The Difference Between a Moral Viewpoint and Phobia

A Christian actress, Seyi Omooba, was fired from her lead role in a theatre production in 2019 over her allegedly “homophobic Facebook post”. Seyi has since taken the theatre company to court, suing them for wrongful dismissal. As her case has progressed, the injustice of her treatment has become apparent.

Firstly, the Facebook post in question was not recent. It was a comment she posted many years earlier, in 2014, long before she was given the lead role in the play.

Secondly, her post merely stated, “I do not believe you can be born gay and I do not believe homosexuality is right, though the law of this land has made it legal, it doesn’t make it right.” Her comment was part of the national debate at that time, concerning the legalisation of homosexual and lesbian marriage. She did not disparage homosexuals. She did not direct hatred or vitriol toward the gay community. She merely expressed a moral viewpoint. And, as I said, it was YEARS before her recent role in a theatre production.

Let us be really clear about a couple of things.

Firstly, expressing the viewpoint that you believe homosexuality to be an unacceptable moral practice is not “homophobia”. Phobia, from the Greek word, phobos (Φόβος ), means fear of something. When I express moral disapproval of the practice of homosexuality, I am not ‘afraid’ of homosexuals. What a ridiculous charge! No. I am opposing the practice on moral grounds, not running in fear from the practitioners. In the same way, if I express my moral disapproval of lying, I am not a ‘liar-phobic’. Please, can we all exercise a bit of common sense in this regard?

Secondly, what the gay community often seem to mean by the term, ‘homophobic’, is not fear of homosexuals but hatred of them. Indeed, their constant claims of ‘hate speech’ against anyone who dares to offer an opposing moral viewpoint to their own, indicates that this is usually their meaning. Apart from their obvious misuse of the term ‘homophobic’ (perhaps they should the word ‘homomisic’, from the Greek word for hatred, ‘misos’ [μίσος]), the constant claims of ‘hate speech’ are puerile in the extreme. I have written about this issue often and extensively, but let me repeat myself here. Just because someone disagrees with you about a moral issue, does NOT mean they hate you. That is a childish assumption. We might expect this of young children in the playground (“If you don’t agree with me or let me get my way, you must hate me!”) but it is unbecoming of a reasonable adult.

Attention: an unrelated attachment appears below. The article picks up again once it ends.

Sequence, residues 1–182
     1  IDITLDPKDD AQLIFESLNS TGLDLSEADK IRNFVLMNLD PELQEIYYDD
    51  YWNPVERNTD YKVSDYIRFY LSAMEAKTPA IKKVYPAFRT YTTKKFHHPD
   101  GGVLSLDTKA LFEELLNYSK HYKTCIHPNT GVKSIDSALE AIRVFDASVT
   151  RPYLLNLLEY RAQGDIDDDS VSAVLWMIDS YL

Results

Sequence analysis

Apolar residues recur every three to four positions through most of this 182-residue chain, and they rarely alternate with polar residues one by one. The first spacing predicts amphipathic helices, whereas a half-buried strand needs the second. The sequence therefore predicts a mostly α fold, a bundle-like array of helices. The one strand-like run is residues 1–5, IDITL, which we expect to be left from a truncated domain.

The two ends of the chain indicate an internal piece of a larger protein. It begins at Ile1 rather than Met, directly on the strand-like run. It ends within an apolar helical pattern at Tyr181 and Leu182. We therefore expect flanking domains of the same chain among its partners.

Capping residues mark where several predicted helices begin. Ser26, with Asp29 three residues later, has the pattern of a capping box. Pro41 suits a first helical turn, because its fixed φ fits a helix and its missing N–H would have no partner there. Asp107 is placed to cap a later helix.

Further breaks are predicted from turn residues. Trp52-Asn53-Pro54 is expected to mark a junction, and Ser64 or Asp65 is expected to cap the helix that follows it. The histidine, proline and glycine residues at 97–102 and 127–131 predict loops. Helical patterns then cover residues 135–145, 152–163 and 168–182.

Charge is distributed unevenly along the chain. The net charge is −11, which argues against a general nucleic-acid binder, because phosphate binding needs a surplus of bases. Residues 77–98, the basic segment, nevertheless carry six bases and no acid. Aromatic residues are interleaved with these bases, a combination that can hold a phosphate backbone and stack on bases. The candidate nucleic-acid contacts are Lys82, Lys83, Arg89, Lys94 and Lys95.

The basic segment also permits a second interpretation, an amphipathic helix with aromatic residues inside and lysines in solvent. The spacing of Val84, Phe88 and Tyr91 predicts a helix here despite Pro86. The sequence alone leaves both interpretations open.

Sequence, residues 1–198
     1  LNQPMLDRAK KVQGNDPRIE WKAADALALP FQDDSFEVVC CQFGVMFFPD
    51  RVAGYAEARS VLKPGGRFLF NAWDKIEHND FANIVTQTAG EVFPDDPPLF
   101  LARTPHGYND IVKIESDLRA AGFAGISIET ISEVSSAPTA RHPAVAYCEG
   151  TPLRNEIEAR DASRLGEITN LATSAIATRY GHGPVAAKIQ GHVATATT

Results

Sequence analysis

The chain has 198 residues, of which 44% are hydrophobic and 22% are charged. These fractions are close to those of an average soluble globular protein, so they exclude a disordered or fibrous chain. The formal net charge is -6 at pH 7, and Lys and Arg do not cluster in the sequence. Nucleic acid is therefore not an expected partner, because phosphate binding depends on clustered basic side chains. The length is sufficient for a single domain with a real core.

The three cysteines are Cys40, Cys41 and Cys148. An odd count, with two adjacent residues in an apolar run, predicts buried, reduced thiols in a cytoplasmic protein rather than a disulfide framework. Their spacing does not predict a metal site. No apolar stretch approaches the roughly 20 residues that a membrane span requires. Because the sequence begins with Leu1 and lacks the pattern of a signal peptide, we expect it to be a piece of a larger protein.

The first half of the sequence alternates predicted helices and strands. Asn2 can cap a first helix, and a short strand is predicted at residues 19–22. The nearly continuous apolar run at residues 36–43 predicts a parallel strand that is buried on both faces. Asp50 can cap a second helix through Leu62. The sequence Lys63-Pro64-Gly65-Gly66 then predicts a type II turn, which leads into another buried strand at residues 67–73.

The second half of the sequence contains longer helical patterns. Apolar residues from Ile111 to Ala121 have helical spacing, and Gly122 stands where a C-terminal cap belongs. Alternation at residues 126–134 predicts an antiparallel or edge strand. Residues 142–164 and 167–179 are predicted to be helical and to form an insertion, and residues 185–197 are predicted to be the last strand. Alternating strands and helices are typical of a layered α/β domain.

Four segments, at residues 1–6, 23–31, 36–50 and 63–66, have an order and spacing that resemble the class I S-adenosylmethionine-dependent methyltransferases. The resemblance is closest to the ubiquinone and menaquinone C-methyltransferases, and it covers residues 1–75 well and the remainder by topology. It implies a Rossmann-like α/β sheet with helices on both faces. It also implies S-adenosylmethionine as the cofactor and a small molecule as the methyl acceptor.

Therein lies the problem; ‘reasonable’. The gay community do not, at present, seem capable of understanding that it is entirely reasonable to love a person while still disagreeing with them and opposing a particular moral practice. After all, this is our experience of parenting, when we love our children but disapprove of certain behaviours. It is also our ongoing experience of adult relationships. We have friendships with people whom we like and even love, but we don’t agree with every view they hold. Indeed, the mark of a mature relationship is the ability to disagree with each other, sometimes regarding very important issues, but still treat each other with love and respect. This is what it means to live in a mature, tolerant society. Tolerance is not enforced conformity to a single viewpoint; tolerance is the ability to disagree about issues but still treat each other with love and respect.

The Christian actress, Seyi Omooba, was entirely within her rights to express her moral viewpoint, particularly in the context of the moral debate at the time of her post, without fear of retribution and loss of employment. Her comment was not disrespectful. It was considered and calmly articulate. There was neither fear nor hatred on her part. Indeed, the only obvious hatred in this whole issue was the anger poured upon her by the gay community and their vindictive push for her sacking. Is this really how we want society to proceed? Are the gay community truly pushing for a monoculture where their viewpoint is the only one allowed? Are they going to continue to insist that conformity to a homosexual viewpoint is an essential basis for any and all employment?

It would be an absolute travesty if governments continue to allow this kind of victimisation and repressive censorship of moral opinions. Sadly, at the moment, our leaders and law-makers are running scared. In their case, it is entirely appropriate to use the word ‘homophobic’. They are actually the only ones who are truly homophobic; scared of the political clout that the gay movement currently wields. It’s ironic isn’t it?


Kevin Simington (B.Th. Dip. Min.) is a theologian, apologist and social commentator. He is the author of 12 books, and his latest, “7 Reasons to Believe”, is now available. Connect with Kevin on Facebook or his website,